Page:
Joe Biden refused to rule out serving only one term as president if elected in 2020, claiming he was not ready to “make that judgement at this moment.”
The 76-year-old former vice president, who would be the oldest person ever inaugurated as commander in chief if elected in 2020 save for his Democrat rival Sen. Bernie Sanders (D-VT), made the admission during an interview with the Associated Press on Saturday in South Carolina when asked if age mattered among White House hopefuls.
“Right now it’s a legitimate question to ask, just like it was legitimate to ask me when I was 29 years old running for the Senate, did I have enough judgment to be a senator,” Biden said. “Right now, my age has brought with it a significant amount of experience in government and hopefully wisdom and some sound judgment.”
When pushed if his age would open up the possibility of serving only one term in the presidency, Biden asserted he was not ready to make such a promise, but also admitted he would not automatically commit to running for reelection in 2024.
“I feel good and all I can say is, watch me, you’ll see,” the former vice president said. “It doesn’t mean I would run a second term. I’m not going to make that judgment at this moment.”
Biden’s comments come as his campaign struggles amid anemic fundraising, questions over his son’s business dealings with foreign governments, and doubts over his own fitness for the presidency. The latter, in particular, has bogged down the former vice president’s campaign since early summer.
As Breitbart News reported, a cadre of allies and staffers began pushing in August for Biden’s campaign to scale down his public appearances, especially in the afternoon and evening — when the former vice president has proven most likely to make a gaffe. The push came after Biden had a series of high profile lapses on the campaign trail, often misrecollecting key events and confusing time and place.
One of the most notable examples of this was in August when Biden inaccurately claimed to have been vice president at the time of the mass shooting at Marjory Stoneman Douglas High School in Parkland, Florida.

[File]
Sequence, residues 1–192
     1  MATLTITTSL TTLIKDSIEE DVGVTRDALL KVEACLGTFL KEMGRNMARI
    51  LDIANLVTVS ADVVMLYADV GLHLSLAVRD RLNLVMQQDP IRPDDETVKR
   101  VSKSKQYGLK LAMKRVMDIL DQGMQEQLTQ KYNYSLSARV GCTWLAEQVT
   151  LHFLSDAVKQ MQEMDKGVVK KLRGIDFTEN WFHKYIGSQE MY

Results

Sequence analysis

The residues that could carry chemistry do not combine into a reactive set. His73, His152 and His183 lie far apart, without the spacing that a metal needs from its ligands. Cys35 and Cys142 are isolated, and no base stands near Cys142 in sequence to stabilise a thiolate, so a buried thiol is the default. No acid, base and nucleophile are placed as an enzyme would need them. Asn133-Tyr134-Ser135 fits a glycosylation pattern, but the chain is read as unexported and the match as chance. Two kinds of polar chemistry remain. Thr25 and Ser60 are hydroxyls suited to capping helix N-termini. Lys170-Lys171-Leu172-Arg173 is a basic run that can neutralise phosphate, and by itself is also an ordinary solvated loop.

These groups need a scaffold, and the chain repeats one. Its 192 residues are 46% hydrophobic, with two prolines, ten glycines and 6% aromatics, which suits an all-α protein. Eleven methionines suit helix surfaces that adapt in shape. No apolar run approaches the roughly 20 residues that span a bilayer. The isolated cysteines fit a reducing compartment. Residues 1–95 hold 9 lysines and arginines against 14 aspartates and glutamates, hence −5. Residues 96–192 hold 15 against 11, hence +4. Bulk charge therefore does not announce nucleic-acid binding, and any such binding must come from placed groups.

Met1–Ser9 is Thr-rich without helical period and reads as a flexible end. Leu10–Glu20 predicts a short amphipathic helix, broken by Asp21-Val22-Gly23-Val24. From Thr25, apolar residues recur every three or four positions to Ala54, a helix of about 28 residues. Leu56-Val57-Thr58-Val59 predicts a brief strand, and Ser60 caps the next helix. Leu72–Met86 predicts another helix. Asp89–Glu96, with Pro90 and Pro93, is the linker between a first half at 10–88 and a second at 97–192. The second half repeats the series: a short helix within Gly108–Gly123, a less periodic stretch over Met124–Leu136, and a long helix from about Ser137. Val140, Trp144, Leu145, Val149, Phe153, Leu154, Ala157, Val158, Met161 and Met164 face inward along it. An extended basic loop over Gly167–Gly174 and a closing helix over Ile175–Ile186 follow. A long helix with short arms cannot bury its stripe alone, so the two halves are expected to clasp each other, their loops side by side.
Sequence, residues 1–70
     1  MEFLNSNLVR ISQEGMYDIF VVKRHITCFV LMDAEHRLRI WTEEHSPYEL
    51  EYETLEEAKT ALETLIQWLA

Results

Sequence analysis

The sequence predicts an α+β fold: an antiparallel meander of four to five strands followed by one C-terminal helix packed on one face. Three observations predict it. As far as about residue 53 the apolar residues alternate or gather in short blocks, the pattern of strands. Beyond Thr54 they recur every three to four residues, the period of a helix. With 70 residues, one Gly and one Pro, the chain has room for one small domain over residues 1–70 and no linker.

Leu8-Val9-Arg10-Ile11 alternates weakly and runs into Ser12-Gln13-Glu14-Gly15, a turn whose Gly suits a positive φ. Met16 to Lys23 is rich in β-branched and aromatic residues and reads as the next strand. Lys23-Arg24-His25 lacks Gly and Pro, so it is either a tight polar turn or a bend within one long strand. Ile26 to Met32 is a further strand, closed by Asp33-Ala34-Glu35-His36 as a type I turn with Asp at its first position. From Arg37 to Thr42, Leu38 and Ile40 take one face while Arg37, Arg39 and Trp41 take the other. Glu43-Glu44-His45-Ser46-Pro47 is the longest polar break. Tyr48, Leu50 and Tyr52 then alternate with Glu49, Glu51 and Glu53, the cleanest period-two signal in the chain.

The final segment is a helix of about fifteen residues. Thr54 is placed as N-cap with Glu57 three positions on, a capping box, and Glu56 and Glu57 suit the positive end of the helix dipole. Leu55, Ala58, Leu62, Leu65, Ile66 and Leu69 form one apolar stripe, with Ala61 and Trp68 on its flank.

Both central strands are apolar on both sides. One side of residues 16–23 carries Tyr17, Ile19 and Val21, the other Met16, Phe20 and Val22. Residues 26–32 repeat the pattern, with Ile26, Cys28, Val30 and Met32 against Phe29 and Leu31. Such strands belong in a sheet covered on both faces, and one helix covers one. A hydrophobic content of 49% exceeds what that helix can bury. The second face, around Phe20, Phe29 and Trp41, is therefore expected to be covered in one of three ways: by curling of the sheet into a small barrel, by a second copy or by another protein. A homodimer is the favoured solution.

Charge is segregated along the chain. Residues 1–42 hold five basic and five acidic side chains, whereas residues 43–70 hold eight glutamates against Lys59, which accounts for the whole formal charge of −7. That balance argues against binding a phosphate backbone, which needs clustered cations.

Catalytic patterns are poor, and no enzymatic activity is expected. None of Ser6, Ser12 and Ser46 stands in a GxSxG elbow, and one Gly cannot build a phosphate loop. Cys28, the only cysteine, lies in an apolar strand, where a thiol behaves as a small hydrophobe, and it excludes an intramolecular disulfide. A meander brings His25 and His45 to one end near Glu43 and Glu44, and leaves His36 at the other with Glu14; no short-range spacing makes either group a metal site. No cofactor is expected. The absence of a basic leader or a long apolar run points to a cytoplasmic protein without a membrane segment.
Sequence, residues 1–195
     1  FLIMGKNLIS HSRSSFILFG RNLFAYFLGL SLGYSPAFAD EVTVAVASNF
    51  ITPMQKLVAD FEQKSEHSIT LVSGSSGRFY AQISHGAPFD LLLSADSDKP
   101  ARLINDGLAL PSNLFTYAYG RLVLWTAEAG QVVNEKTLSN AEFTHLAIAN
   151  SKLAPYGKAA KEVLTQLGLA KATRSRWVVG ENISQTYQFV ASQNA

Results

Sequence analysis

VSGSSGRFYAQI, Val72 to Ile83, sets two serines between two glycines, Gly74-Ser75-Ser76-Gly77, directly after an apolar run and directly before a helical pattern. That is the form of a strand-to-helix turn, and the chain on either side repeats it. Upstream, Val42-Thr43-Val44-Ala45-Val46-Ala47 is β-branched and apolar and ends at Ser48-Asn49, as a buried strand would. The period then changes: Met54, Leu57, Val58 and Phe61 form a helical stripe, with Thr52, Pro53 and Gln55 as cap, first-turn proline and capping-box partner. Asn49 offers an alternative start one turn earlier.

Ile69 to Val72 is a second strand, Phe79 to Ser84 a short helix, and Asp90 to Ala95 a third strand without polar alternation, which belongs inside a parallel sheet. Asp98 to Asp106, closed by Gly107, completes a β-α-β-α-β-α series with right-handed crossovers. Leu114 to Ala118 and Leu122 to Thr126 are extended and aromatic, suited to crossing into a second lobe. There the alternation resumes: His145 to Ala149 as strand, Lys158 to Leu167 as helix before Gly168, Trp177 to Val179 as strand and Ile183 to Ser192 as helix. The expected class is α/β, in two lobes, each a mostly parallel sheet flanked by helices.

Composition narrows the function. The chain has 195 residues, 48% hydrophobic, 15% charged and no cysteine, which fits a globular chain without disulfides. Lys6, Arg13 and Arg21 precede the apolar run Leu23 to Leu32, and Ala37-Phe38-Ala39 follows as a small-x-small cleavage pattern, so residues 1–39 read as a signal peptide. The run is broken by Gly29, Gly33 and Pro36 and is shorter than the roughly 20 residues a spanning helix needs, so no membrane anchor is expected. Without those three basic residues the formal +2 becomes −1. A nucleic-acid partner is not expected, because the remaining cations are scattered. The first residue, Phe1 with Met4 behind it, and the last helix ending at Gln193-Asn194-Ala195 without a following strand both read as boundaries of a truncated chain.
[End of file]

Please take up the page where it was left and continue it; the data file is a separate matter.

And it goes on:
“Those kids in Parkland came up to see me when I was vice president,” Biden said during a huddle with reporters in Iowa, before claiming that when the survivors visited Congress, lawmakers were “basically cowering, not wanting to see them. They did not want to face it on camera.”
Many of the reporters on hand, however, were shocked by the statement given that the shooting, which resulted in 17 fatalities and over a dozen injuries, actually occurred on February 14, 2018 — more than a year after Biden left office. In the aftermath of the flub, Biden’s team attempted to downplay the incident, claiming the candidate had simply misspoken. When that approach approved not to be sufficient, the campaign pivoted to attacking the media for pushing it’s own “narrative” by reporting on the gaffes.
“This is a press narrative, not a voter narrative,” Biden’s spokeswoman, Symone Sanders, asserted during an appearance on MSNBC. Sanders even went to the extent of lecturing the media on what it should and should not prioritize to “elevate the conversation” surrounding the election.
“We cannot allow this election to devolve in a tit for tat over name-calling and ‘gaffes,’ something that does not matter,” she said.
The campaign’s argument, though, did not sway many, including some of the left’s most venerated media personalities. Many, such as Jamil Smith, a senior writer for Rolling Stone magazine, have even called on the former vice president’s campaign to “step forward” and explain “what is going on with him.”
This is akin to his repeated Margaret Thatcher gaffe. Or it may be somehow different. I don’t want to speculate about what caused Biden to say it. Again, his campaign needs to step forward, and we need to not be afraid to have a conversation about this. https://t.co/bSouvK3hO9
— Jamil Smith (@JamilSmith) August 10, 2019
Such sentiments have increased as Biden has continued making gaffes, even fabricating an emotional story about the Afghanistan War and forgetting that his former running mate, Barack Obama, was America’s last president.